“And that has made all the difference.”
It’s time to go home. I’m sitting in the Mini waiting for the heater to warm the interior to anything higher than the 25 degrees registered on the digital thermometer. I’m listening to J. J. Cale singing Call Me The Breeze: “Ain’t no change in the weather. Ain’t no change in me.” All I know about this Abilene weather is what I discover each morning dressed in my summer, 1967, summer, 1968, Santa Monica, Will Rogers State, Malibu, Zuma, and Huntington Beach Southern California surfer jams, Earth Runners sandals, prAna t-shirt, and Quicksilver Mountain Wave hoodie when I take Lucy out back at 4:00 a.m. to do her business. Lucy is my ten-month-old Aussie, red-merle work of reparation, my penance for all those things I wanted to do back in the 60s. Too late I discovered Jesus said you also go to hell for what you’re thinking.
All I know about the state of anything is what I hear on National Public Radio driving to Hardin-Simmons each morning and driving home each evening. So coming to school this morning, I listened to a report from the Pew Research Center that nationally “college graduates ages 25 to 32 who are working full-time earn more annually—about $17,500 more—than employed young adults holding only a high school diploma.”
Then I was reminded about the Cline Shale oil field of dreams available to high school graduates in our neck of the what-I-wish-were woods, and trout streams, and mountains, so I asked my freshmen writers if any of their high school buddies packed away their diplomas and took the Greyhound to Midland-Odessa: “Oil that is, black gold, Texas tea.” One of my best writers raised his hand and said yes, he had been part of the oil rush. He made $80,000 his first year. Why did he decide to come to HSU to pursue a college degree? Was it so he could earn $17,500 more annually than those roughnecks taking home only eighty grand?
He turned in his White Mule gloves because “the work sucks.” So now he is here, and I’m privileged to have him in class. Here’s a thought—why not make the HSU First-Year Experience a year playing Jett Rink in Midland-Odessa; then scrub off the oil and grit and bring the $80,000 to Hardin-Simmons for an education from a tenure-track and tenured faculty which a national, independent consulting firm reported—“Quality of faculty (in/out major) excellent”—as being a main reason students remain at Hardin-Simmons, graduate, and succeed in a world that has become much too real. An education that won’t cost a couple of fingers, a toe, a hard hat sporting a hole the size of a bolt dropped from the crow’s nest (if they still call it that), taking only a small piece of skull if the student is lucky.
I was lucky. My best friend Marc was lucky. (Back in high school, we were Marcus and Adon. I miss those guys. I don’t think you would.) We had all the gasoline, drive-in-movie, and burger-and-fries cash any East Texas high school jocks could afford. We earned it hauling Magcobar Drilling Mud to oil rigs after football practice, in the middle of the night, most Saturdays and Sundays. A couple of times each year, we unloaded and stacked in the warehouse 100-pound sacks of drilling mud from box cars. It was dirty, lung-coating, vertebrae-shifting, disk-squashing work. Only the romantically heroic could last.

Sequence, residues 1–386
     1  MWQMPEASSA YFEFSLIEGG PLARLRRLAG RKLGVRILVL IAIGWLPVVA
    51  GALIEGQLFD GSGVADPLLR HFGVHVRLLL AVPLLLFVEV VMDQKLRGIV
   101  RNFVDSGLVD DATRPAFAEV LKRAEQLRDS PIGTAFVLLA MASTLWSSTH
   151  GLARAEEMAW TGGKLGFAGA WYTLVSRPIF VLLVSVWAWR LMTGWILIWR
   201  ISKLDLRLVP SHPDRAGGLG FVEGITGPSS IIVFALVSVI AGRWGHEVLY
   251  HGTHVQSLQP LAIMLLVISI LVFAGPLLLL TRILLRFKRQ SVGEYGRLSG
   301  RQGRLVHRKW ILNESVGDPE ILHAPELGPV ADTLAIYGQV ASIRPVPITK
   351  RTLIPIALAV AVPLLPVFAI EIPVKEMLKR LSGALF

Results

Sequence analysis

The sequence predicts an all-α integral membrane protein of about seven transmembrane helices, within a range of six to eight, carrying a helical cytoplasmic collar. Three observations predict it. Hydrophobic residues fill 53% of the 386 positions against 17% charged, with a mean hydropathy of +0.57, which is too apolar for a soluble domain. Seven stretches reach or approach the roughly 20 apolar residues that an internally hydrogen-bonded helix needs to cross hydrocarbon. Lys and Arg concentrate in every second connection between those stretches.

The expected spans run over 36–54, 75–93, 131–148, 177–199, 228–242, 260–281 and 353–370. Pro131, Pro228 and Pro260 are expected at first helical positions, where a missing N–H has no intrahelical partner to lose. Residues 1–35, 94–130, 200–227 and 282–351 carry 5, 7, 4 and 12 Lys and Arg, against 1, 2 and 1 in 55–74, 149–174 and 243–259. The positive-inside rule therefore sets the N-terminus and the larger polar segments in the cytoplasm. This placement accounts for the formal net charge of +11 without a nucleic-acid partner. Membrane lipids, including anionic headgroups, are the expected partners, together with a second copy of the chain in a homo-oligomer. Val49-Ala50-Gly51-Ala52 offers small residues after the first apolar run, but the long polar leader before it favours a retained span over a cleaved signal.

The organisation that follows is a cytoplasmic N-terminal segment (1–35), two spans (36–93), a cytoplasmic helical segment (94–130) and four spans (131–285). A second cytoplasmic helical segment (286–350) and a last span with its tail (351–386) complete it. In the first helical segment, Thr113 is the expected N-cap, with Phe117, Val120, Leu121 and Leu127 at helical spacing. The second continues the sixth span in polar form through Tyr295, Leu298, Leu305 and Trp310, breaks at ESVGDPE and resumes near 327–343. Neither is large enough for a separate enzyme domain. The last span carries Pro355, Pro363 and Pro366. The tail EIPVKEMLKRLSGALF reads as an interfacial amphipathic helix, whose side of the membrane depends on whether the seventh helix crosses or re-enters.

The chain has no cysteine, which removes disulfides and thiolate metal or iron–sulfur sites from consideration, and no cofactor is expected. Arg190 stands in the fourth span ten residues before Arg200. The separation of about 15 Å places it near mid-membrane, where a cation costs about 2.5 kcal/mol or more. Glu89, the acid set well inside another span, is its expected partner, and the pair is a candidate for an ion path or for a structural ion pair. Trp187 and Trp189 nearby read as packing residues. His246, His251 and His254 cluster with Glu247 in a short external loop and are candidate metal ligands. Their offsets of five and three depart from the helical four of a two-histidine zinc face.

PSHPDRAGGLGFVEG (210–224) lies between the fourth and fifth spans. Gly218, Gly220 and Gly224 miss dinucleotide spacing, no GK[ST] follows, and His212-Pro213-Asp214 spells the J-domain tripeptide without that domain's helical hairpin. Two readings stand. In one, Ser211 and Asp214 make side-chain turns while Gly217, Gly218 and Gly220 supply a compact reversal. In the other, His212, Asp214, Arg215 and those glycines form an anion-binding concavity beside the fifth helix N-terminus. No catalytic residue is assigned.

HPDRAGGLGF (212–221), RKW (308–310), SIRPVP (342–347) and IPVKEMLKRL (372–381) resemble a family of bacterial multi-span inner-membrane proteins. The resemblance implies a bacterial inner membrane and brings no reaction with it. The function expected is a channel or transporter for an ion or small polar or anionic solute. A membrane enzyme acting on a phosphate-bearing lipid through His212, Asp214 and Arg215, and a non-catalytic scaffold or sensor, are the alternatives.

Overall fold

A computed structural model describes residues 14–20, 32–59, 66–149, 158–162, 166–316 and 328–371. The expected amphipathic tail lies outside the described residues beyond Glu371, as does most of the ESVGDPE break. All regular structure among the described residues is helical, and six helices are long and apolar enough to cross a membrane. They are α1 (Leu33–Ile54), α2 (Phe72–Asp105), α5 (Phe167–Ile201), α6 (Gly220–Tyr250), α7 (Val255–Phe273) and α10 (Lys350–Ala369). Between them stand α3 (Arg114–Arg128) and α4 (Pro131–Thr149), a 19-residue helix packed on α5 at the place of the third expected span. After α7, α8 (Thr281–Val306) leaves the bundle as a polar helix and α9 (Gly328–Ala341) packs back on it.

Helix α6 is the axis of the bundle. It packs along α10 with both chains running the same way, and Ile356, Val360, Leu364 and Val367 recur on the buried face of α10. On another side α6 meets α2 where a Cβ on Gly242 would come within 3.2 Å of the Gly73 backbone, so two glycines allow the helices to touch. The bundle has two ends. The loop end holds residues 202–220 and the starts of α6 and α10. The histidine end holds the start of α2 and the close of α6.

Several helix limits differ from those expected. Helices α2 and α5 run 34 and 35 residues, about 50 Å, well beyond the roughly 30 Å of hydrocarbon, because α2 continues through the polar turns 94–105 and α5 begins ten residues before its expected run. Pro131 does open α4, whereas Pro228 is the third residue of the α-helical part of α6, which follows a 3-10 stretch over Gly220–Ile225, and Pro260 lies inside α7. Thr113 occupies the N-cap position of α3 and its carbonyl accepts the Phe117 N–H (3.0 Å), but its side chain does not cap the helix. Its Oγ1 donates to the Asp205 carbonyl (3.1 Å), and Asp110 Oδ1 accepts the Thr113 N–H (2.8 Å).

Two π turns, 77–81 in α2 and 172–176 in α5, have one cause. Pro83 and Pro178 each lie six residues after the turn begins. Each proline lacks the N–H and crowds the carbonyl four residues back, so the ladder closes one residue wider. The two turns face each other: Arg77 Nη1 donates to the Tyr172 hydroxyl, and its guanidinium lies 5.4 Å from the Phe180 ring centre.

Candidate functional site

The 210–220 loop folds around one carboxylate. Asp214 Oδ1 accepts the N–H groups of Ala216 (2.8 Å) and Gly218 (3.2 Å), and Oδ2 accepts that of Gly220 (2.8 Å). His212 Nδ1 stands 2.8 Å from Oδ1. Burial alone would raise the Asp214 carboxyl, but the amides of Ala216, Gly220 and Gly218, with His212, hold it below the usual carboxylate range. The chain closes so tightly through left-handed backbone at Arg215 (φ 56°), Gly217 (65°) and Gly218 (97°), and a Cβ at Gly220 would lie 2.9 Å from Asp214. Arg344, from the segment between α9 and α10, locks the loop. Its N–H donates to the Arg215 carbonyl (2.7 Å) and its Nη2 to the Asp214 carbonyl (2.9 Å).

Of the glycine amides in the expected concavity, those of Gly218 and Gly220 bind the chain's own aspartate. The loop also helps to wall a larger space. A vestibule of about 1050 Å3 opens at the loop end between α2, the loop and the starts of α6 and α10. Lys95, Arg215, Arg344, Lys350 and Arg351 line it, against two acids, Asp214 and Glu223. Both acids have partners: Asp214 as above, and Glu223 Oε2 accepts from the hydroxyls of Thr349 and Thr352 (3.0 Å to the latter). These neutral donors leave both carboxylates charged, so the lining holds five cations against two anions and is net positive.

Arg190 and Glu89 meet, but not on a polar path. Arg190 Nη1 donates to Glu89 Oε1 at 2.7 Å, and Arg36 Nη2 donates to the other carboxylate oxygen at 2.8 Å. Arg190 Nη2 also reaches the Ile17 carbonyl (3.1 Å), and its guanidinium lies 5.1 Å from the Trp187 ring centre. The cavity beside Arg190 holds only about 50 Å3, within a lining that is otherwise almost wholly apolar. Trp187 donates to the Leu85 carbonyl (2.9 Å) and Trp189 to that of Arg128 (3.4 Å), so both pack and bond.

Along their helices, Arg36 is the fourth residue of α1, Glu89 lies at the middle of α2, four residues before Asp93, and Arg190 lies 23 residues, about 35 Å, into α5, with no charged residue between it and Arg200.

I loved it! Even, no, especially when I ignorantly leaned back with all my weight and pulled a steel hand-truck dollie stacked with 700 pounds of Mud on top of me, saved only by the dollie’s steel legs slamming down to form a space between the cement floor and the frame of the dollie bearing the 700 pounds, and Raymond Burk, a giant in overalls, hard and shiny as onyx, walked over and lifted the hand-truck, grabbed me to my feet and said, “Don’t do nothing stupid.” Loved it especially when Marc was driving us down a steep, dirt, oilfield road, and the load on the long flatbed shifted, sliding us into the ditch and coming to rest on the passenger’s side, my side. Loved it especially when I placed my right hand on the back of the wood rail of the flatbed while directing Marc’s backing up to the Mud house and waving for him to stop, and he did, and I realized I could not remove my hand from between the rail and the Mud house wall. And I still had a hand. Oh the glory! Oh the stories for Winnsboro High School cheerleaders and sometimes that majorette. They were as impressed as you.
Then the clock turned 1964. President Kennedy had just been assassinated. An army lieutenant from my hometown was in the newspaper surrounded on a hill in a place called Viet Nam, calling in an airstrike on his position and dying a real hero, really dead. Then Marcus married and enlisted. The oil went bust. I memorized Tennyson’s “The Charge of the Light Brigade”: “Theirs not to reason why, / Theirs but to do and die,” and left for college.
Flatt, Lester, and Earl Scruggs. “Ballad Of Jed Clampett. The Essential Flatt & Scruggs: ’Tis Sweet To Be Remembered.
Frost, Robert. “The Road Not Taken.” The Road Not Taken: A Selection of Robert Frost’s Poems, Henry Holt, 1985. pp. 270-71.
Tennyson, Alfred, Lord. “The Charge of the Light Brigade.” Tennyson: Poems and Plays. Oxford UP, 1968. pp. 206-07.